16. 16. Lessons from Norma • Identify PMO Change Agents • Solicit organizational support & identify qualified staff • Define and communicate value proposition to stakeholders • Articulate clear mission and goals • Involve all units in the definition process • Start with basics, improve as you learn • Set regular meeting(s) for reporting • Encourage cross-functional communication & collaboration • Avoid rigid and/or heavy processes • Don’t allow executive support to wane over time • Don’t expect immediate adoption; allow time
  17. 17. Performa – PMO Maturity
  18. 18. Lessons from Performa • Surveyed ~90 OIT staff members and campus business partners • 51 Respondents • Key things measured: – Service Delivery – Communications – Decision-Making – Transparency – Lite-Weight Process – PMO Awareness – PMO Value Assess PMO Effectiveness – Measurements
  19. 19. Survey Demographics
  20. 20. Survey Demographics
  21. 21. What’s Going Well & What’s Not? • Lite-weight PM processes • Project repository effectiveness • Increased transparency with internal and external customers • Enhanced decision-making • Increased awareness of OIT projects • Perceived value achieved by PMO • Focus on setting project prioritization • Facilitate interactions with project stakeholders • Complete and adopt guidelines • Visibility into resource utilization • Provide basic PM mentoring & training Positives Opportunities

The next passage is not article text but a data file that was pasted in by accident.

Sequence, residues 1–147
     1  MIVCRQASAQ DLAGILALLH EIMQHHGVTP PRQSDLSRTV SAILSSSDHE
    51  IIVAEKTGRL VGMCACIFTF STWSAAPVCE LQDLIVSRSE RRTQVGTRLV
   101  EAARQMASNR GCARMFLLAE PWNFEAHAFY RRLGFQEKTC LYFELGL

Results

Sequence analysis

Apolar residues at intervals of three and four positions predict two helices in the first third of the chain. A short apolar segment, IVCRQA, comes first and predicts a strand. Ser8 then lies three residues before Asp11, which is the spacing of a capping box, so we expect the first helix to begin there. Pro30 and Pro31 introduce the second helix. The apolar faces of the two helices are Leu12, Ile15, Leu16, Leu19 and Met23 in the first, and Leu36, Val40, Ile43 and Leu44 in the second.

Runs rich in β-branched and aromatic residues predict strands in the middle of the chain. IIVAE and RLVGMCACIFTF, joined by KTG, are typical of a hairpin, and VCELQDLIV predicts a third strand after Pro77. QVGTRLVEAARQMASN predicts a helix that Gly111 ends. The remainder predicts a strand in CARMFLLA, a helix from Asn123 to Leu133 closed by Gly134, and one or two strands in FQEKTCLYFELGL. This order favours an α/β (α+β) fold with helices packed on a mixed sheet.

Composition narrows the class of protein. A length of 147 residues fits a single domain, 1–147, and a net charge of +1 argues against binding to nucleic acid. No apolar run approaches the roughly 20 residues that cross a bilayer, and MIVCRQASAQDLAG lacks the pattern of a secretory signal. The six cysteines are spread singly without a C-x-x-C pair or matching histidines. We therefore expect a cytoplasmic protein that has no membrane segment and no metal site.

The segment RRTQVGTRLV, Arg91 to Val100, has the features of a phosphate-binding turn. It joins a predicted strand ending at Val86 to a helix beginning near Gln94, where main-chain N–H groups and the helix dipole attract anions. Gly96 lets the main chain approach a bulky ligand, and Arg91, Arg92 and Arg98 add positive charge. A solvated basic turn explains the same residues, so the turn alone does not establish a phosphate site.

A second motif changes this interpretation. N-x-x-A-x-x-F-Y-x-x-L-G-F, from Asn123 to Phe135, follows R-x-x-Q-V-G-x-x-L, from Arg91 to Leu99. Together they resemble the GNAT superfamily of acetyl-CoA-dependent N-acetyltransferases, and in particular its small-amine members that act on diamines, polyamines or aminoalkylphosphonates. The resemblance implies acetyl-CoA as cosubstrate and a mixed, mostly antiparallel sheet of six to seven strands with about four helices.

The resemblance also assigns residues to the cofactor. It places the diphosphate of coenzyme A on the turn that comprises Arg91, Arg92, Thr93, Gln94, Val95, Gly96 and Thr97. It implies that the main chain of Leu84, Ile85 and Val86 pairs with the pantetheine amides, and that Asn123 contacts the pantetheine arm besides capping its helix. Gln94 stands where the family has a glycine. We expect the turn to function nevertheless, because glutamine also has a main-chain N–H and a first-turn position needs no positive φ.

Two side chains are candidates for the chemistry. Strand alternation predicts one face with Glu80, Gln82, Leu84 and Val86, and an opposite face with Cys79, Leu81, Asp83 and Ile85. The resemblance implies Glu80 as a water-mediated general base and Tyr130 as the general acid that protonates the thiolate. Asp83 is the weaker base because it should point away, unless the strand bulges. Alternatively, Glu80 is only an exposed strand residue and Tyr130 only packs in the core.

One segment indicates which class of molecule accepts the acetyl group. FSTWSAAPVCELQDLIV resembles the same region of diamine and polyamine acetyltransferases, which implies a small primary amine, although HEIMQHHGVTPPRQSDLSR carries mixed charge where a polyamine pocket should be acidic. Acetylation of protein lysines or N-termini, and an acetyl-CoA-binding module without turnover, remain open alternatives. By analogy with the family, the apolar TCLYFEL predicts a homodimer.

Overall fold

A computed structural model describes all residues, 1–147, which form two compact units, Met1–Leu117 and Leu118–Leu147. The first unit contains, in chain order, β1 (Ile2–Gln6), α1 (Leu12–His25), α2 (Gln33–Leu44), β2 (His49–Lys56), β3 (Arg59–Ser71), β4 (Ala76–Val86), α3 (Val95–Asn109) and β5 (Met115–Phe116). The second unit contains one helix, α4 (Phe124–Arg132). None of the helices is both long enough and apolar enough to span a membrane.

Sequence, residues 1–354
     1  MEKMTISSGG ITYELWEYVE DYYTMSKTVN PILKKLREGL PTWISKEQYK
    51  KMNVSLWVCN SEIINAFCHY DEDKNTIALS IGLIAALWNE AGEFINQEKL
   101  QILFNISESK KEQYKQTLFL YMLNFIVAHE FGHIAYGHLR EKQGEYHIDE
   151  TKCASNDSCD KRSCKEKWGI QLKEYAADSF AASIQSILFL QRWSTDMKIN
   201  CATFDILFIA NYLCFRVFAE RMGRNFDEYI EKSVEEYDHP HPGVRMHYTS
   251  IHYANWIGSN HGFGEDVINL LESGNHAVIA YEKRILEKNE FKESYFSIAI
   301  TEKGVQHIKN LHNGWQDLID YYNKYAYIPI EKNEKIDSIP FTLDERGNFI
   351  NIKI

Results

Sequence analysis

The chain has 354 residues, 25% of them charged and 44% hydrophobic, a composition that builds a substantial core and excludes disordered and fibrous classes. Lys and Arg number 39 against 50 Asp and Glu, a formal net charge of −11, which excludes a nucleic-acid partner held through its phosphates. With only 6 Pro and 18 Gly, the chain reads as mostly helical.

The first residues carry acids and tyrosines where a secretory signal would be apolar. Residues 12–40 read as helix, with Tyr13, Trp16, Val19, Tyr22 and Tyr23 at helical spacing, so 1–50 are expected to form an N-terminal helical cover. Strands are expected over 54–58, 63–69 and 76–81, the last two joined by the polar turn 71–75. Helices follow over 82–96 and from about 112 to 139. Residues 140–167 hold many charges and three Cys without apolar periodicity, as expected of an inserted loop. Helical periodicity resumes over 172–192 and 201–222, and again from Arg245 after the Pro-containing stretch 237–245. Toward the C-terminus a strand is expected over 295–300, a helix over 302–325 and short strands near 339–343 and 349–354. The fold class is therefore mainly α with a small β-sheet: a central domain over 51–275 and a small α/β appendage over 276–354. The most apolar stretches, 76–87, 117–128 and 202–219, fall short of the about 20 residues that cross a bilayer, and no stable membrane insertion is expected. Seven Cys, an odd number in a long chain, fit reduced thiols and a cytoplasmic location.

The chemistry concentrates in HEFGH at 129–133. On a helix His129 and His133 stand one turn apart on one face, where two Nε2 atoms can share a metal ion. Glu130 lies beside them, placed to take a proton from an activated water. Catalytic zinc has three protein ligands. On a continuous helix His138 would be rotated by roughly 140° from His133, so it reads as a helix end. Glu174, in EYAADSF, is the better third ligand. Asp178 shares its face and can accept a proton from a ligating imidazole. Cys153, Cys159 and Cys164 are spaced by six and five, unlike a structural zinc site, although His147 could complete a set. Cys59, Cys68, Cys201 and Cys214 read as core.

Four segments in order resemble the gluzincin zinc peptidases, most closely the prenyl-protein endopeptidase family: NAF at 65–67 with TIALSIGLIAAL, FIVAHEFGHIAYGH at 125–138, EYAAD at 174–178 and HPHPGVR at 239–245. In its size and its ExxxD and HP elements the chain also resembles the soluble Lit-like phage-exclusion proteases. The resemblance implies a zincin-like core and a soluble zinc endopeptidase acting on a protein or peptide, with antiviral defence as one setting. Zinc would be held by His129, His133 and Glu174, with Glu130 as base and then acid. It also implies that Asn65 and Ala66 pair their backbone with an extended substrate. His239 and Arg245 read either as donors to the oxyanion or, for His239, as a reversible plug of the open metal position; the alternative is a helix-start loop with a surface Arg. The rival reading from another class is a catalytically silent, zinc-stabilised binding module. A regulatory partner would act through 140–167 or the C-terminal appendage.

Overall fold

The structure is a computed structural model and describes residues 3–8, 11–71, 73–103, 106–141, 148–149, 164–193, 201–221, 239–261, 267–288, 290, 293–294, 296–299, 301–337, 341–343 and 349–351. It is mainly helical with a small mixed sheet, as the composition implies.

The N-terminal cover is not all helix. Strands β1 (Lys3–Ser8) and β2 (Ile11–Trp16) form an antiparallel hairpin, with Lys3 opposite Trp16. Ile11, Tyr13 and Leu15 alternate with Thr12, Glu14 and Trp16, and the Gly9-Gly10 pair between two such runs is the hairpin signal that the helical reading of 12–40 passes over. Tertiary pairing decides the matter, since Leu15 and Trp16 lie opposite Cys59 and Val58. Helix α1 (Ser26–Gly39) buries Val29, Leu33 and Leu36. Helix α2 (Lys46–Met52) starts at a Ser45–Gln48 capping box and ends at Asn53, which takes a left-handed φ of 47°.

22. 22. Survey Results
  23. 23. Survey Results (cont’d)
  24. 24. Survey Results (cont’d)
  25. 25. Survey Results (Cont’d)
  26. 26. Survey Results (Cont’d)
  27. 27. Churna – Risk Factors
  28. 28. Risk Factors for Churn • Accidental Project Managers • Inconsistent PMO Task Force attendance • Raised the bar on PMO processes • Consensus about Guidelines • Growth & demand challenges with limited PM resources • Questions about PMO value and impact